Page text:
Actress Katharine Emmer Wanted A Life in Color, so she Became a Director
NYU graduate Katharine Emmer looked to have a bright acting career in front of her. She landed an episode of Desperate Housewives; she had a role in indie film Puccini for Beginners, which was nominated for the Grand Jury Prize at the Sundance Film Festival. At NYU she was the recipient of the Annual Tisch Artistic Achievement Award. But even with her growing resume, she was not a full-time working actor; the way she was paying the bills was as full-time working nanny. With few roles available for her, Emmer took matters into her own hands. Life in Color is her feature film directorial debut. She also is the writer, produced, editor and star. Now that's how you get it done.
Life in Color is not Emmer’s first foray into filmmaking. A year before her feature debut, she and her friend Adam Lustick took a stab at the process with the 6-minute short, The Third Wheel. From a 6-minute short to an 86-minute feature, Emmer's creating her own breaks.
Life in Color is a semi-autobiographical story of an architecture school dropout who joins forces with a failed comedian (turned birthday party clown) after she is fired from her nanny job (partially due to the clown). With nowhere to live, the two housesit together. The cast is comprised of Emmer’s comedian friends, Josh McDermitt from The Walking Dead, Jim O’Heir from Parks and Recreation, Adam Lustick from Harvard Sailing Team, and Fortune Feimster from Chelsea Lately. The project was conceived as a vehicle for Emmer, McDermitt and Lustick.
We sat down with Katharine Emmer following Life in Color’s SXSW premiere to talk about how she carved out her new career.
With limited roles, do you think actors have no choice but to create their own movies? Did you find the process of becoming a filmmaker challenging?
I would highly recommend creating your own film to anyone who is frustrated and not seeing roles they want to play from an acting stand point…create your own work. Absolutely. To be honest, and I don’t know if I should say this or not, but it is the truth. I was insecure going into this project, because I didn’t have a background. I had friends who had gone to film school. I wasn’t versed in how to make a film. I started off with the easiest thing, familiarizing yourself with the kind of films you want to make or familiarizing yourself with the landscape. I watched a lot of low budget films; I knew I didn’t have money.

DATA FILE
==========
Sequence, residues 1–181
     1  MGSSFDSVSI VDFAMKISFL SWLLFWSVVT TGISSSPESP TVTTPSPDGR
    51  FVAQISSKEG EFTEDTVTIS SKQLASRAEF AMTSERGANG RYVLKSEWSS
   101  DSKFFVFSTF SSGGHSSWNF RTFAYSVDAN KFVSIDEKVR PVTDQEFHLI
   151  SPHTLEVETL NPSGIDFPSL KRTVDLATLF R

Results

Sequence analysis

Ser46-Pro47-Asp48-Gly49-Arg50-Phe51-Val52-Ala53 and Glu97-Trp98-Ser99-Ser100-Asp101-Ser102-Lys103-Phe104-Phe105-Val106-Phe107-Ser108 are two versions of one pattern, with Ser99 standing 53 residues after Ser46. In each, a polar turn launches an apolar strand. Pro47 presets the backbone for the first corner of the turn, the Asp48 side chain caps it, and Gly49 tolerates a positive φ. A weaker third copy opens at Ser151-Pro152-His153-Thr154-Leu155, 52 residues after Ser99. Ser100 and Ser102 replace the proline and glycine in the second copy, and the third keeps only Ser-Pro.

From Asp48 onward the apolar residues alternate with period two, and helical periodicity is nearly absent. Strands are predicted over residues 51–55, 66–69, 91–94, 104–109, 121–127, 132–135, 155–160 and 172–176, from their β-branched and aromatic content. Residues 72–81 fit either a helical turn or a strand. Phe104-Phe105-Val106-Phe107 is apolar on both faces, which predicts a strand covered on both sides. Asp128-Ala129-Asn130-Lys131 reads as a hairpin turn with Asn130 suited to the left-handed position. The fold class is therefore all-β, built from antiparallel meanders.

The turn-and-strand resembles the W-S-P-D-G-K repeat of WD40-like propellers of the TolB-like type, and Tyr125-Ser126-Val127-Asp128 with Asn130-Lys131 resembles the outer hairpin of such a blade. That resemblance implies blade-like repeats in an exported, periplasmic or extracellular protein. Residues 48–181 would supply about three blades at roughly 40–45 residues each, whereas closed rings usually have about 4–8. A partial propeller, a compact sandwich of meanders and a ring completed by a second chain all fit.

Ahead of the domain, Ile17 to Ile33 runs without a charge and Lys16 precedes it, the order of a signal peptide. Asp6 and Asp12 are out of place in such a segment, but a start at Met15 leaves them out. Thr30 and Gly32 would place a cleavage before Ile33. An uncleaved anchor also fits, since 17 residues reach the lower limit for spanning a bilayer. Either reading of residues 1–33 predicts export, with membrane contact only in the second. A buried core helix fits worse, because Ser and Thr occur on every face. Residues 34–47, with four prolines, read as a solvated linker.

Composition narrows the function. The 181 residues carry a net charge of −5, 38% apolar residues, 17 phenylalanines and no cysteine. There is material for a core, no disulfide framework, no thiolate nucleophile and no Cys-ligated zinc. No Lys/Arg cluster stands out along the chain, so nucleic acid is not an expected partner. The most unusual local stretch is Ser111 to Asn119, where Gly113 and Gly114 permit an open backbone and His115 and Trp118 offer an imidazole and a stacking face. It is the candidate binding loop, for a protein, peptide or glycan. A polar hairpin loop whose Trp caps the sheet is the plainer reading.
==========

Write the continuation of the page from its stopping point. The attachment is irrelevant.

So how do you make a film that you believe in without the money to do it?
I watched filmmakers like Ed Burns, the Duplass brother’s early work when no one knew who they were, and Lena Dunham’s Tiny Furniture. All of these artists were where I was at one point in their career. I loved their work; it was honest, compelling, it held my attention and was made without a lot of money behind them. I wanted to set out to tell my own story and do it via that way. I sort of thought if I could just assemble the right people to do it, I can make it happen. Maybe it was blind naivety.
This film is an offbeat comedy. When you were creating the film did you think that was the direction that you want to go, or did it happen during production because of the comedy chops of your cast?
I wanted to tell a story as true to life as possible, and the thing I thought about was how life has both dramatic moments and funny moments. I think it was a natural progression of okay, I think this is going to be a grounded comedy. It's a man and a woman who find themselves attracted to each other, so then it is a grounded romantic comedy.
This is semi autobiographical – how much of yourself did you bring to the role?